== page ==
Pa. mum on its mulling of riparian rights

By Kellie Patrick
For PlanPhilly

A state review of how the rights to develop riverfront land are granted continues, with no definite end in site.

That means it is unclear when the year-long moratorium on granting these so-called riparian rights – the ones casino companies and others who plan to build along the Delaware River covet – will end.

“There are no specifics on any time tables,” said Edward Myslewicz, spokesman for the state Department of General Services. Staffers from his department, as well as the Department of Environmental Protection and the Governor’s office, are conducting the review.

“We continue to review the process,” said Charles Young, spokesman for the state Department of Environmental Protection. “No final decisions have been made nor has there been any public announcement from the governor’s office.”
Along the Delaware in Philadelphia, riparian land begins at the pier head line – the line that marks the boundary of the shipping channel. Its westernmost boundary is the bulkhead line – the place where a retaining wall is built along the bank, or where one could be or once was.

This land is owned by the state, but the state can grant leases to those who want to use it.

Myslewicz said the entire process is under review, but he could not provide any details about specific elements that were being examined or the goals of the study.

“No one here would be able to talk about any specifics,” he said. “This is still in preliminary stages. When there is a bill introduced, that would be the point – that’s when everything becomes a public process.”

However, Mary Isaacson, spokesman for state Rep. Michael O’Brien – whose district includes the proposed SugarHouse site – said much of the review centers around establishing the market value of the land, so that the state might earn a fair market price on the parcels it leases.

There has also been some discussion about selling some of the land instead of leasing it, she said.

“At one point, that was discussed,” Isaacson said. But no one has come to O’Brien with any interest in buying these rights.

It has been common for the state to grant 99-year leases for $1.

The state is also reviewing title histories of the parcels, she said. “If they want to transfer ownership, they have to be much more meticulous with the title than in just leasing the property.”

Any granting of riparian rights has required an act of the legislature – essentially a separate law for each lease.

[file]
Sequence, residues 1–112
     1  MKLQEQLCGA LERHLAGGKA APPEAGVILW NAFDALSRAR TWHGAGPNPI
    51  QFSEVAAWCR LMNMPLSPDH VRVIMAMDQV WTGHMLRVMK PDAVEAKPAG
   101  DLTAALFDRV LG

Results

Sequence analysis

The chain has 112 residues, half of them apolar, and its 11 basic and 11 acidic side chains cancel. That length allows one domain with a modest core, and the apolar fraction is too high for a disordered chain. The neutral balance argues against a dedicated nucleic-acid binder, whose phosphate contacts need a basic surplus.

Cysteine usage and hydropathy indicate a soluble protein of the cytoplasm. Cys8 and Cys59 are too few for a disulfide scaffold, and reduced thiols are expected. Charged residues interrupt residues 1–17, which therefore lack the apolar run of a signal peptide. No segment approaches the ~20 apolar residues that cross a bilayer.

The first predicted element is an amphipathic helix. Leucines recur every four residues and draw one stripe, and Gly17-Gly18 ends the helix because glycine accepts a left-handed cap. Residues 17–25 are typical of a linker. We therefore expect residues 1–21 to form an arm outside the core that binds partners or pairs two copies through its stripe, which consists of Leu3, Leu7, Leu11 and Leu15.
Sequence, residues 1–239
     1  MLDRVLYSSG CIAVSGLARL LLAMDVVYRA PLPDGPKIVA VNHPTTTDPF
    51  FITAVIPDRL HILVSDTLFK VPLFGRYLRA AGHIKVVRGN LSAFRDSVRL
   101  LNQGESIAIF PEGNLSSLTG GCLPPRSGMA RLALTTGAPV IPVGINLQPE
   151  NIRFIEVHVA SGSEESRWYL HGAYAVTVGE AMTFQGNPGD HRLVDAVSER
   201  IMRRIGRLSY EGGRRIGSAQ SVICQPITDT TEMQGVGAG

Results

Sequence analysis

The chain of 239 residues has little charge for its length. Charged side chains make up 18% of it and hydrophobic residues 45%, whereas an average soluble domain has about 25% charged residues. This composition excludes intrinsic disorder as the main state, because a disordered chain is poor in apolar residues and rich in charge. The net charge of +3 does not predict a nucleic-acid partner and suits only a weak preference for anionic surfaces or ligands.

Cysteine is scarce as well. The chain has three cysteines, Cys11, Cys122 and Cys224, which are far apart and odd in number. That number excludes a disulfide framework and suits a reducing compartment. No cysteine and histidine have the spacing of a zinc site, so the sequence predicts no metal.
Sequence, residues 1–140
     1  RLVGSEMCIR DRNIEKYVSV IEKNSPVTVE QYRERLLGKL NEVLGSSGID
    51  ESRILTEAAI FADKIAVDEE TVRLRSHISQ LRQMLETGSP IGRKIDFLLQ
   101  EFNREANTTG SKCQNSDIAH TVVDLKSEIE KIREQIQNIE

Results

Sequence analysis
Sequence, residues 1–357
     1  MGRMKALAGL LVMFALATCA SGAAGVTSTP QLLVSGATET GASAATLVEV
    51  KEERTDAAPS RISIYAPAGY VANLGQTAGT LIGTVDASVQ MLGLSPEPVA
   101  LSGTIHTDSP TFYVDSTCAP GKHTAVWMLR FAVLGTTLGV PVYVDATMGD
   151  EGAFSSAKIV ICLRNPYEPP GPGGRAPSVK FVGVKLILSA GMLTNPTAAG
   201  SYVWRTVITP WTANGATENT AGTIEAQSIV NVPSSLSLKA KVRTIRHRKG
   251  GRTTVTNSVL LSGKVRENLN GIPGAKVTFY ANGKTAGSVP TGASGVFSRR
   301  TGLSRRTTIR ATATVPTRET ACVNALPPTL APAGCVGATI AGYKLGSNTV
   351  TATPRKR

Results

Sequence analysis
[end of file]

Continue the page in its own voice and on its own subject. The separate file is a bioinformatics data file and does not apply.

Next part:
Tradition has dictated that a bill to grant riparian rights can only be introduced by a legislator who represented the district in which the riparian land in question was found.

Some local legislators have planned to use this custom to fight casinos. Rep. O’Brien has said he would not introduce riparian legislation until the casinos reach agreements with the neighborhood associations.

Last fall, State Sen. Vince Fumo introduced legislation that would have eliminated the need for any legislator to call for the granting of riparian rights. It failed. But in an interview conducted earlier this year, Myslewicz said the legislator-driven portion of riparian rights likely was part of the review.

Isaacson said it is extremely unlikely the legislature would ever pass a law that would allow the granting of leases without its consent.

“Do you think they could get the legislature to say, ‘We will give up this power and give it to the executive branch? We will extend the executive powers?’” she said.

She also said the legislature could continue to observe the tradition that only someone who represents the district in which to-be-leased land is contained introduces the legislation.

Whatever the state review concludes – whenever it does – Isaacson said she thinks the decision to lease, or even to sell, would be made on a case-by-case basis. She does not expect any new, overriding law will result from the review.

O’Brien will test the moratorium in the next month or so by introducing legislation that would grant riparian rights to developers with their eyes on several of Philadelphia’s piers: Pier 40, Pier 35, and piers 49, 50 and 51 – which is the pier next to Penn Treaty Park.

Isaacson said the developers wish to create residential properties there, with open space and public access to the river – and restroom facilities for Penn Treaty Park.


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